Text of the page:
St. John’s Bible: Volume 7 – Epistles and Revelation
For what does the Scripture say?, Romans 4:3
For This Reason it Depends on Faith, Romans 4:16
Therefore, Since We Are Justified by Faith, Romans 5:1
But Now You Have Been Freed from Sin, Romans 6:22
Fulfillment of Creation, Romans 8:35-39
For I Received from the Lord, I Corinthians 11:23-26
If I Speak in the Tongues of Mortals, I Corinthians 13:1-3
The Sting of Death is Sin, I Corinthians 15:56-58
Now Before Faith Came, Galatians 3:23-29
There is One Body and One Spirit, Ephesians 4:4-5
For Once You Were Darkness, Ephesians 5:8-14
And Every Tongue Should Confess, Philippians 2:6-11
He is the Image of the Invisible God, Colossians 1:15-20
For the Lord Himself, I Thessalonians 4:16-18
For Even When We Were With You, II Thessalonians 3:10
This is the Covenant that I will make with the House of Israel, Hebrews 8:10
Now Faith is the Assurance of Things Hoped For, Hebrews 11:1
What Good is It My Brothers and Sisters, James 2:14-17
The Wisdom from Above, James 3:17-18
Are Any Among You Suffering?, James 5:13-16
Harrowing of Hell, I-II Peter
Beloved, Let Us Love One Another, I John 4:7-12
Son of Man, Revelation 1:13
Donald Jackson includes rich colors and illuminations on almost every page of the book of Revelation, beginning with the detailed book heading and enlarged incipit, that is, the opening words of the manuscript. Jackson intended for the colors in Revelation to harken back to the images in the Prophets volume, thus connecting the visions of the Apostle John with Old Testament prophecy. The illumination opposite to the Revelation incipit represents the Son of Man and refers back to Daniel’s prophecy about the Son of Man in Prophets. The seven lampstands, which represent the seven churches to which John addressed Revelation, are derived from the Vision of Isaiah illumination in which Isaiah behold God on his throne. Except in this illumination, John is beholding the Son of Man, who stands to the left of the lampstands and is bathed in pure white. Images of fish, like those in Loaves and Fishes in Mark, are also seen in the illumination as well as on other pages of Revelation. A colorful detailing of Revelation 1:13, “‘I am the Alpha and Omega,’ says the Lord God,” is written on the far right margin.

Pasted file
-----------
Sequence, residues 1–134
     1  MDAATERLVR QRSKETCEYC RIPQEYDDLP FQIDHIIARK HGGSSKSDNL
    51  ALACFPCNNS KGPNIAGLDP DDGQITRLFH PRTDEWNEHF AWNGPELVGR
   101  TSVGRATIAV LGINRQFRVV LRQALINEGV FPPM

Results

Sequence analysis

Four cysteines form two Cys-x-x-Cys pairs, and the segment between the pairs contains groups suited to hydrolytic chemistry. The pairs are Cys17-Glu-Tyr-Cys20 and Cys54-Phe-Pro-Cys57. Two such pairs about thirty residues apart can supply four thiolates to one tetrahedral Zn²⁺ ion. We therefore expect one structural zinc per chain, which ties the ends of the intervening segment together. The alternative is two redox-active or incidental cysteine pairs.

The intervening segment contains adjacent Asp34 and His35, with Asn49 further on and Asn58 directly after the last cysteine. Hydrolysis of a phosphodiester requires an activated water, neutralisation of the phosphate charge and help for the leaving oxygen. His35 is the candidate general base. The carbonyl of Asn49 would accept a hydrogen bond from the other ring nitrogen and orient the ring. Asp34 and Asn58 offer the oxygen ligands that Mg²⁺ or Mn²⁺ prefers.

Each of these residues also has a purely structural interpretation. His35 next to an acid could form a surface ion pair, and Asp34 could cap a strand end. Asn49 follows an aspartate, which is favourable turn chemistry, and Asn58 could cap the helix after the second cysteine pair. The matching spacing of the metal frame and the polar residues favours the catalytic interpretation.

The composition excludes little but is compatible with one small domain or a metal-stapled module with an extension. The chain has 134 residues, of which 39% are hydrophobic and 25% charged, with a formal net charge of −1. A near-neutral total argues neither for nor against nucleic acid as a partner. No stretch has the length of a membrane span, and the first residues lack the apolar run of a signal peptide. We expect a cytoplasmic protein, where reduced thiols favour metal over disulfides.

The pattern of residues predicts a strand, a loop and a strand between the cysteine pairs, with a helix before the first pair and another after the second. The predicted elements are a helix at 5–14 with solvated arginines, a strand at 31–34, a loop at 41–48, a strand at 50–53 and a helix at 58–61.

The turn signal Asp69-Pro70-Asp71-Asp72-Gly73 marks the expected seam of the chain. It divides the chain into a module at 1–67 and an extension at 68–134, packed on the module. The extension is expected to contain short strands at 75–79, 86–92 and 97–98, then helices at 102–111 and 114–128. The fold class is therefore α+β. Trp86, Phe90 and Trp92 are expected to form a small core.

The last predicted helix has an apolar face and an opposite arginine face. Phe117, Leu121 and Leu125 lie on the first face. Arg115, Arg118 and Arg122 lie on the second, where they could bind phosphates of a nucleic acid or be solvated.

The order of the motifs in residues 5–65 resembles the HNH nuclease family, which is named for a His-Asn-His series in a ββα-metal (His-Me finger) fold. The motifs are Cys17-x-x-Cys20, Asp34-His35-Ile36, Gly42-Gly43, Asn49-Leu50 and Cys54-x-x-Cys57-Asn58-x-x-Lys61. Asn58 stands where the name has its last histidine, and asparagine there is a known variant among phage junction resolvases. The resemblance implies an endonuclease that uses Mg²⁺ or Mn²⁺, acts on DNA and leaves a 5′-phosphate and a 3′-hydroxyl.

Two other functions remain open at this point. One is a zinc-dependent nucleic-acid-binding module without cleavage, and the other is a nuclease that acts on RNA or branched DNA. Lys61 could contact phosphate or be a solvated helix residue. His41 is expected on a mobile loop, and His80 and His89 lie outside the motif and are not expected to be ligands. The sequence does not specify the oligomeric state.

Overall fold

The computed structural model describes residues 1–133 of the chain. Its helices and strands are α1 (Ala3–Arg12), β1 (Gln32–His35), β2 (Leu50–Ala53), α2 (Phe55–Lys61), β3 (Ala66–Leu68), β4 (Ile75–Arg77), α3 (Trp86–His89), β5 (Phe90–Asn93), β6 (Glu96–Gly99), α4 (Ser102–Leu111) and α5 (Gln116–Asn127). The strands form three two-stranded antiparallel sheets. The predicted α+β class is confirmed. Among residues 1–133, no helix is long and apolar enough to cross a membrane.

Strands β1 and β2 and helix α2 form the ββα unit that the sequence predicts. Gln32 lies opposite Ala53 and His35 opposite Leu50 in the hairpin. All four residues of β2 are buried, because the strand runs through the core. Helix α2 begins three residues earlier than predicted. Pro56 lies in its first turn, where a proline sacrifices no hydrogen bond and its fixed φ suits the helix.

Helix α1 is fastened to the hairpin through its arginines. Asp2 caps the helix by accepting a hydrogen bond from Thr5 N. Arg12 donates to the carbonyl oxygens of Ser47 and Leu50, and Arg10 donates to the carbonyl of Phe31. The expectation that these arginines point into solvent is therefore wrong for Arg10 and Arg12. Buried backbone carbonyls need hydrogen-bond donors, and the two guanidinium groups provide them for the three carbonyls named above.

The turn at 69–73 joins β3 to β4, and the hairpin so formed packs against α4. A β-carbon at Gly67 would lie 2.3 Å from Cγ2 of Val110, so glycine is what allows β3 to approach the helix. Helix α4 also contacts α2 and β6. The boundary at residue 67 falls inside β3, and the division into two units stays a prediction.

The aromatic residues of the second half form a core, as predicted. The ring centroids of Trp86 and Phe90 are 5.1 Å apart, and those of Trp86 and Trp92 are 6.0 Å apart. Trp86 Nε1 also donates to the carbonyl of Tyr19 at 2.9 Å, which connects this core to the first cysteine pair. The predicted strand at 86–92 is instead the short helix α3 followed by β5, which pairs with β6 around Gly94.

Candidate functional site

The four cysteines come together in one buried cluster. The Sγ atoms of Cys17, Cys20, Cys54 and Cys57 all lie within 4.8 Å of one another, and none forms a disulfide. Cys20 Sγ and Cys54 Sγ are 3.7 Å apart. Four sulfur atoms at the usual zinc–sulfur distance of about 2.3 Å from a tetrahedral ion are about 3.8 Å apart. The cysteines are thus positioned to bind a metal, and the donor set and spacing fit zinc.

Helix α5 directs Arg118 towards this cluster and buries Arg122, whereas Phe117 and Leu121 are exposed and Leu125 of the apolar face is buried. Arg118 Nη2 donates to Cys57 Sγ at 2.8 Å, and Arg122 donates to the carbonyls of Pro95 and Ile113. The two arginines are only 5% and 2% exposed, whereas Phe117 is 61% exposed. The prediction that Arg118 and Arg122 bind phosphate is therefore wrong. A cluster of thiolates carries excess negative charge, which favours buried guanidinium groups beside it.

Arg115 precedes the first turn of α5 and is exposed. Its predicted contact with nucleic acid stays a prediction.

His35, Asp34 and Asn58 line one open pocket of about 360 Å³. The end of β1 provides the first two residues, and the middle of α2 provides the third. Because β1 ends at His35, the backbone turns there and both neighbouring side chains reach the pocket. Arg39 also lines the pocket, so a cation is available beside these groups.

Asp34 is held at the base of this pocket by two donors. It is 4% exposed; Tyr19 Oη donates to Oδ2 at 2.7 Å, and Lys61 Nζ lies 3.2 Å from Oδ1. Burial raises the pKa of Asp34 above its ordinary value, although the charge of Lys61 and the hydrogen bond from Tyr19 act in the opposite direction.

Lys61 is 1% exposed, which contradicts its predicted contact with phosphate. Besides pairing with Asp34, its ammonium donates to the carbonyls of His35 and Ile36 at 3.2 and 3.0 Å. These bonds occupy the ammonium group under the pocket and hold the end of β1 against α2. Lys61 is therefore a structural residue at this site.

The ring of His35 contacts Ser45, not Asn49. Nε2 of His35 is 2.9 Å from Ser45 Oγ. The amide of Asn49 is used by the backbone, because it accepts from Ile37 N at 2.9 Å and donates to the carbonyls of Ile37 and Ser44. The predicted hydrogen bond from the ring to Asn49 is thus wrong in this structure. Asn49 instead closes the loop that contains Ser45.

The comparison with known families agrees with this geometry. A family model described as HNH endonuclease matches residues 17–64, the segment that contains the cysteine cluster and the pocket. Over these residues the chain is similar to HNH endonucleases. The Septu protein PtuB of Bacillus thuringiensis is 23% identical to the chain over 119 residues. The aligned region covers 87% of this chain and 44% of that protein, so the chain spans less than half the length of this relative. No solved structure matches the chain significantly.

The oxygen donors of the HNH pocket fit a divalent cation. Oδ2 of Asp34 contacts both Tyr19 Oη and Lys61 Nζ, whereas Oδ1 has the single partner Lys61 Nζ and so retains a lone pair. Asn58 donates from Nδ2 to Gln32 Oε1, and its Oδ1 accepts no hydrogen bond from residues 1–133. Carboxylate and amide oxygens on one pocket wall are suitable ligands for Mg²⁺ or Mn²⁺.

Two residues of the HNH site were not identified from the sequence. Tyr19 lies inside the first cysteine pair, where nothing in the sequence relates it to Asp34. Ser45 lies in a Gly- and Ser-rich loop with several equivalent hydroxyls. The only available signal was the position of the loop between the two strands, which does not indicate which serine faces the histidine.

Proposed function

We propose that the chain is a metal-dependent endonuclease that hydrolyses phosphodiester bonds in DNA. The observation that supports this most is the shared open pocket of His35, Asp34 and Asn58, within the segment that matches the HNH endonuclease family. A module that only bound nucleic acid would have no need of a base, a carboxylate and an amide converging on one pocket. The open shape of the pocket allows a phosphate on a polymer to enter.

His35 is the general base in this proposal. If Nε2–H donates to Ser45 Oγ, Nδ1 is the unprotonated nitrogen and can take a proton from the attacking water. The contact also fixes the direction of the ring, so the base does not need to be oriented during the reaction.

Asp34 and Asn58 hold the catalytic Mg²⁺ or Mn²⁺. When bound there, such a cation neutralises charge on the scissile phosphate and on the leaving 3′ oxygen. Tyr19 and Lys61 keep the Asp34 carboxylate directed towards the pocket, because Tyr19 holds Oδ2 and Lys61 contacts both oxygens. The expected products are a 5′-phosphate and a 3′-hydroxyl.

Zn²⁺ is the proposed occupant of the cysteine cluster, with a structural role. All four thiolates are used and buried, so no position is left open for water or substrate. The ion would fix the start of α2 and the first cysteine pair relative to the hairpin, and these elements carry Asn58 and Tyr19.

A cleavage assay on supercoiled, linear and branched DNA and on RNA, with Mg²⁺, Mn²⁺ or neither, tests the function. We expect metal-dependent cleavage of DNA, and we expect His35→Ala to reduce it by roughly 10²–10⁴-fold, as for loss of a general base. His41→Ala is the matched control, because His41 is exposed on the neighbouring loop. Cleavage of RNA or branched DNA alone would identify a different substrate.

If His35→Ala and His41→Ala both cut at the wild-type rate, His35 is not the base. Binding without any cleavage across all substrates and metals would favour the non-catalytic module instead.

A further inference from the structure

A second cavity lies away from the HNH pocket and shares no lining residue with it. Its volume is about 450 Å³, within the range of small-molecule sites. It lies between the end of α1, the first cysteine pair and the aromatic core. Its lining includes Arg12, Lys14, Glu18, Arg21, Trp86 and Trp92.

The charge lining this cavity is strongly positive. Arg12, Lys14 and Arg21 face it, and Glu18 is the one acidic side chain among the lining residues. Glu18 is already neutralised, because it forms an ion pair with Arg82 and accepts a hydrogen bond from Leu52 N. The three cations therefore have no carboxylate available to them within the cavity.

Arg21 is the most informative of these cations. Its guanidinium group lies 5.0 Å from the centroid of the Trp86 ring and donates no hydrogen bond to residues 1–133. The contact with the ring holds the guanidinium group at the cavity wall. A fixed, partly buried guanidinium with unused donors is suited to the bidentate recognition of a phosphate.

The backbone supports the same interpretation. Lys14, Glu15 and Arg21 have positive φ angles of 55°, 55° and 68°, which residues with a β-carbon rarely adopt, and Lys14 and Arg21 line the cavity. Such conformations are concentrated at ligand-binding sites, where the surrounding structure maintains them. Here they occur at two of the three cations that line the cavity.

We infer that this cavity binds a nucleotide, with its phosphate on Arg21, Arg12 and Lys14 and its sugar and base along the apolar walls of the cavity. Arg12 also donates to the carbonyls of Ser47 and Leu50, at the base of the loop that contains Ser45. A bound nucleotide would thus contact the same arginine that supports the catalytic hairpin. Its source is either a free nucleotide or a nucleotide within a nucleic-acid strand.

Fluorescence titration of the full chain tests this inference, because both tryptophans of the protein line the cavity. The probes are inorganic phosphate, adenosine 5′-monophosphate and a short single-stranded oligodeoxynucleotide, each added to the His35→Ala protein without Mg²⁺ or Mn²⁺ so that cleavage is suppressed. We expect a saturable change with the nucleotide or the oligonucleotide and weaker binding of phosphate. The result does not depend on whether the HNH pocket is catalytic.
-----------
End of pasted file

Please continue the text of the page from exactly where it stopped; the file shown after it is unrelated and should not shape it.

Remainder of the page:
I Am the Alpha and Omega, Revelation 1:8
Letter to the Seven Churches, Revelation 2-3